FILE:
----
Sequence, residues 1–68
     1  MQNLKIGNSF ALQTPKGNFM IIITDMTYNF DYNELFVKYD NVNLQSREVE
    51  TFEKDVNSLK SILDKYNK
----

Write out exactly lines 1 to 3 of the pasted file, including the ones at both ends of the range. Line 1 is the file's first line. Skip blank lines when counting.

Sequence, residues 1–68
     1  MQNLKIGNSF ALQTPKGNFM IIITDMTYNF DYNELFVKYD NVNLQSREVE
    51  TFEKDVNSLK SILDKYNK